These communities are most affected by efforts to reduce this subminimum wages. Women with disabilities typically earn less than men and are less likely be employed in integrated employment settings earning regular wages. Black, Asian American, Pacific Islander and Latinx people with disabilities have lower rates of employment in integrated positions.
- Women with disabilities make more than men. nearly $14,000 less annually than men with disabilities — in 2017, they averaged $31,855, compared with $45,475 for men, according to a report from the Institute for Community Inclusion at the University of Massachusetts Boston.
- Only 16% of women with disabilities were employed in integrated employment, compared to 20% of men.
- People of color were also less likely to be employed in the regular workforce. Only 14% of Black people, 12% of Asians, and 9 percent of Pacific Islanders who have disabilities had integrated jobs.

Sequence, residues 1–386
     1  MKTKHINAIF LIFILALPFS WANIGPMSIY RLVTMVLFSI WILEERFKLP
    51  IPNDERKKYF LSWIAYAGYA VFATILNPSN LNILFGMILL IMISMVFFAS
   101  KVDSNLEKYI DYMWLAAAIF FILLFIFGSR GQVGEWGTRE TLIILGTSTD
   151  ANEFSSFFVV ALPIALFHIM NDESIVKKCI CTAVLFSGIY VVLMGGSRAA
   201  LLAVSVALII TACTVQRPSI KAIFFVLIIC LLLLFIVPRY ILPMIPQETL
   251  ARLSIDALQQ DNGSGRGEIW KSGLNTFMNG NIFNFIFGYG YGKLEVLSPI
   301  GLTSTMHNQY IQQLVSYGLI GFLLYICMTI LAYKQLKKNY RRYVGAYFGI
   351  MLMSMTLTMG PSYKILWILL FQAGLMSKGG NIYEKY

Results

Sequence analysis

- According to a 2020 report, employees with disabilities who work for companies that pay the minimum wage average $3.34 an hour and work approximately 16 hours per week, the company pays about $13.34 an hour. U.S. Commission on Civil Rights. (The data are not broken down by gender. That means they are earning about $214 a month — 20 percent of the federal poverty threshold for one person.
Monica Soares is deaf. She spent her early career working in a disability workshop in California. The 19thThrough an interpreter, she explained that her hourly rate for packing candies into boxes was $2-3 per hour.